Wednesday, December 12, 2012


December 12, 2012 is a day of rejoicing for North American Catholic Christians. This feast day marks the day in December 1531 that a Mexican Indian Christian gathered a cloak full of roses and brought it to the Bishop of Mexico City. As the Indian, Juan Diego opened his tilma (cloak) the Bishop fell to his knees. Juan Diego was amazed too, for imprinted on his tilma was the image of the beautiful woman who had appeared to him a few days before. She told him she was the Mother of God and she wanted a church built in Tepeyec near Mexico City. The Bishop had asked for a sign to prove that the Virgin Mary was real, and not a result of Juan Diego's faith. Frost had already killed most of the flowers where Juan Diego passed on his way to the Bishop's house. That day when the Lady asked him to gather the roses, he found many fresh and beautiful Castillian roses to present to the Bishop as his sign. He was not aware that an image of a woman with native American complexion, and dressed in the finery of an Aztec royalty, but wearing a cross, the symbol of Christianity with her head slightly bowed in humility was imprinted on his cloak. Today that cloak still survives, enshrined in the Church of Our Lady of Guadalupe. Many symbols in Mary's clothing and other details of the mysterious painting reinforce the fact that the lady who appeared to Juan Diego was and is Mary, the Mother of God.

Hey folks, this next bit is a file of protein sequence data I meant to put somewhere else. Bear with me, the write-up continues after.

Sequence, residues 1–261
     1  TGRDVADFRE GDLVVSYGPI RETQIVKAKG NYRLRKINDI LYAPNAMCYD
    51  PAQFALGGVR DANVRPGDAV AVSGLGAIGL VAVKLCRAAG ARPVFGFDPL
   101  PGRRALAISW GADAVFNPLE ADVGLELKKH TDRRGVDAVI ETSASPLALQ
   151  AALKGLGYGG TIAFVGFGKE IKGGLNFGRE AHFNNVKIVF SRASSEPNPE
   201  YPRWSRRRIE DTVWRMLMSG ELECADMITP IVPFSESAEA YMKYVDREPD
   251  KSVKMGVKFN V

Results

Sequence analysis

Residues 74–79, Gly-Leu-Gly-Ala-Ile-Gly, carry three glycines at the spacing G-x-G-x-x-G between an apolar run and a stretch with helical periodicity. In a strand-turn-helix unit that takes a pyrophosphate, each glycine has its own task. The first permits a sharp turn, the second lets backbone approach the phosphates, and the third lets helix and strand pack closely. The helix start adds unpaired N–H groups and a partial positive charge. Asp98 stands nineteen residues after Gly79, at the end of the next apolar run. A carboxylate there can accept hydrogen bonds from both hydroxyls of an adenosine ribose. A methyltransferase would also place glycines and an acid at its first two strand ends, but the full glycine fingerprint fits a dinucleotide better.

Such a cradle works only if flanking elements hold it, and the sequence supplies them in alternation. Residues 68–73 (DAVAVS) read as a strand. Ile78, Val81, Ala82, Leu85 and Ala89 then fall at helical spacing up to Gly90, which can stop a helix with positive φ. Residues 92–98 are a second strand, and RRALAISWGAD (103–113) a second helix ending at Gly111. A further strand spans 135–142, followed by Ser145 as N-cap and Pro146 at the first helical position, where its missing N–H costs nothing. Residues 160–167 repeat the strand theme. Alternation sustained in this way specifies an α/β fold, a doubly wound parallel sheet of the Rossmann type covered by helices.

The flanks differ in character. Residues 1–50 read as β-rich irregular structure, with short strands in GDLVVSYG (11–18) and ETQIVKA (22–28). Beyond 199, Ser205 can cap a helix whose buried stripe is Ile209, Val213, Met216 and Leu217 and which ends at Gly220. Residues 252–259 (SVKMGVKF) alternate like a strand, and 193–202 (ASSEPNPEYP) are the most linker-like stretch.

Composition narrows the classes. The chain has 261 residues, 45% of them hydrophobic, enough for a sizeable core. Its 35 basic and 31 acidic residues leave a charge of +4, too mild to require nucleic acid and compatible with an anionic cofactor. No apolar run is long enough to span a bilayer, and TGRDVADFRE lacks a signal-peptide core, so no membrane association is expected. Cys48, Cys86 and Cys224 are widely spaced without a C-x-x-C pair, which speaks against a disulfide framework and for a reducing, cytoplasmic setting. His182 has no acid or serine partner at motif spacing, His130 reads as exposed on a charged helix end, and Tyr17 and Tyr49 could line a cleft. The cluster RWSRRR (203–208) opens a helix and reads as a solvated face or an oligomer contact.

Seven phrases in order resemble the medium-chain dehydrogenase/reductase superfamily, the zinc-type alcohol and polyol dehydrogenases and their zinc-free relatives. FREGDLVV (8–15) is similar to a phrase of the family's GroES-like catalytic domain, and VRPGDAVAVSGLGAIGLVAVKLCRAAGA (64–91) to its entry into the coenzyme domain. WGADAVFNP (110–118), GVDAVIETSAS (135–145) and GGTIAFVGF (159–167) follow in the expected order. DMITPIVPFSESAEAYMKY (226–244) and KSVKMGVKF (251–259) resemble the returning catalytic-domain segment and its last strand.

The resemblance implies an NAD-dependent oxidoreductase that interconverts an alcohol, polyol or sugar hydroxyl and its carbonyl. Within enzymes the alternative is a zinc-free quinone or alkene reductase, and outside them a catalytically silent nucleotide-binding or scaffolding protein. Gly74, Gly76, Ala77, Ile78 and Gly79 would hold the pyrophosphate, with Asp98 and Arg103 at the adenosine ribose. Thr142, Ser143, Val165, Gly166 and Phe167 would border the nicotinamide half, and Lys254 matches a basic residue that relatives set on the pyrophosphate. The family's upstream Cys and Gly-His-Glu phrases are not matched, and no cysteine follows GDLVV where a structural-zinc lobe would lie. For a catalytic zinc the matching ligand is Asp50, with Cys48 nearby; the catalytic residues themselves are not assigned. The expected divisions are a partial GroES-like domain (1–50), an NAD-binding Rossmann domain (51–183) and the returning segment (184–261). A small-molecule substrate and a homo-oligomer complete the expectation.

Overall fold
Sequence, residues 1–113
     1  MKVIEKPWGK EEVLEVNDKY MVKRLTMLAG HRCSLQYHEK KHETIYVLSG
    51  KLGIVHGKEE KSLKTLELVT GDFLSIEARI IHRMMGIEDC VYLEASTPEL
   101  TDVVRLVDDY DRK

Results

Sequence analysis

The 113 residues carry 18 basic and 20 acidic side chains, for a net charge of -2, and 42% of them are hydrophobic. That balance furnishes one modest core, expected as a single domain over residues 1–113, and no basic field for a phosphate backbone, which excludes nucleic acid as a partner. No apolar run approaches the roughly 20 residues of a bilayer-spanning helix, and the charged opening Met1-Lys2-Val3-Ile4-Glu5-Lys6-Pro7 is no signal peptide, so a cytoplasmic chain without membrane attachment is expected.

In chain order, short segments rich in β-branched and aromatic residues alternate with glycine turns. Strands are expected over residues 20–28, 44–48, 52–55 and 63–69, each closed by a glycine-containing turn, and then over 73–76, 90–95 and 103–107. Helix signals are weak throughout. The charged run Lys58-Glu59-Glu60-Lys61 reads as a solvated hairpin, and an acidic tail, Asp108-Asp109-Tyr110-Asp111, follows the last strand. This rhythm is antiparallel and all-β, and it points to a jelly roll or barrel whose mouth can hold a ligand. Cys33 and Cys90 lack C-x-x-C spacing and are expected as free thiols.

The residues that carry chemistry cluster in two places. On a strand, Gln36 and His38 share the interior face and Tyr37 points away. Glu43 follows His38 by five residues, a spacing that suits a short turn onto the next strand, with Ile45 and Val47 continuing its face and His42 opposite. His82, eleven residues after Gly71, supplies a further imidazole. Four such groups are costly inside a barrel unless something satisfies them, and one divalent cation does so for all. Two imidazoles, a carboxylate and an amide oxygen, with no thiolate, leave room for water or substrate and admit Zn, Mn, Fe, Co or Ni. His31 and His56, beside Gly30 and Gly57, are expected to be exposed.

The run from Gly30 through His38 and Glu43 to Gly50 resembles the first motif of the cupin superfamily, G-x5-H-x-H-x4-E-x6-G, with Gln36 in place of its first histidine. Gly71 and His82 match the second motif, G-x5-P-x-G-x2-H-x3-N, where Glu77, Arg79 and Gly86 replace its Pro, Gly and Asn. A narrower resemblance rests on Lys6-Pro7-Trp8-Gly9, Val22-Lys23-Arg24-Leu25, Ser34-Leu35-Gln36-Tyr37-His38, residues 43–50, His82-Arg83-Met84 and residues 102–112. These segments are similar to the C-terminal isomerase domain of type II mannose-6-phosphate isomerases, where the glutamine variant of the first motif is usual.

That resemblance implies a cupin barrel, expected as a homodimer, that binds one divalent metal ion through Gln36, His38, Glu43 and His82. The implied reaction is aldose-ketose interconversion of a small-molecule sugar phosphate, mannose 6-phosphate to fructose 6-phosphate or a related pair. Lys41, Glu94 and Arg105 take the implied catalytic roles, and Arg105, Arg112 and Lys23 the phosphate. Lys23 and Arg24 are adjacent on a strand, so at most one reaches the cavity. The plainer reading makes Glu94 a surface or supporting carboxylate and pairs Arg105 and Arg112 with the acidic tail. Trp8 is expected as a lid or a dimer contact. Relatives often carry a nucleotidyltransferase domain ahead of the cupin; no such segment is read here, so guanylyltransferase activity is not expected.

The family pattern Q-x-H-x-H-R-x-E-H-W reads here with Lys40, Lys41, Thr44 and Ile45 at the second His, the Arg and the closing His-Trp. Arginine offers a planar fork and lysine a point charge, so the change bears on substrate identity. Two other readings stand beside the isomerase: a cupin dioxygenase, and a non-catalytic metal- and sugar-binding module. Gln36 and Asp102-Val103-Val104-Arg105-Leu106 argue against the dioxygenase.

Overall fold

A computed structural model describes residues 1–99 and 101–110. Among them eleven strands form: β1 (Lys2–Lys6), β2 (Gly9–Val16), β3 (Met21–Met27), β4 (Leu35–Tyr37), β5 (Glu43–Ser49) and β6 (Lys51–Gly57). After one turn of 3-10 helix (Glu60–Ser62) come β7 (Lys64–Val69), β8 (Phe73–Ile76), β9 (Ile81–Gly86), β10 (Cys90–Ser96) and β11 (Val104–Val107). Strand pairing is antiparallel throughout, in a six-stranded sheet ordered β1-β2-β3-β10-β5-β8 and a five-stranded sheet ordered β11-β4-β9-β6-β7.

When I was assigned to the convent we had in San Antonio, Texas I was impressed by the devotion of the people to Our Lady of Guadalupe. Almost every Catholic home had the image of Our Lady of Guadalupe. I remember the last time I was in San Antonio for this Feast, we woke up early to sing "Las Mananitas" to Mary (a song to awaken a person) and we processed around the block near the Cathedral of San Fernando where a young man dressed as Juan Diego acted out the apparitions and the visits to the Bishop's residence. Then we filed into the Cathedral for a festive Mass.
Both men and women are named Guadalupe or Lupe especially in Mexico and among Mexican Americans. However devotion to Our Lady of Guadalupe is not limited to those of Hispanic origin. She is the Mother of all the members of her Son's Mystical Body--all of us.
In the image a ribbon tied at Mary's waist symbolized her pregnancy. She told her messenger that she was Mary, the Mother of God. She wanted a church built--the church would honor her Son Jesus.
Before Juan Diego encountered the Lady of Tepeyec, missionaries had minimal success in converting the local people in Mexico to embraced Christianity. Word soon spread that this Mary was a "Virgen Morena" (a dark skinned Virgin Mary) like them. Within a few years nine million native Americans accepted Baptism and became fervent believers.
Our Lady of Guadalupe  is also the Patroness of the Unborn.
Tonight our community will enjoy a festive Mexican meal prepared by one of our Sisters who is Mexican American. As I write the aroma is wafting into my room and giving me an appetite!
May Mary, Our Lady of Guadalupe, and Patroness of all the Americas intercede for all of us, especially you my readers.

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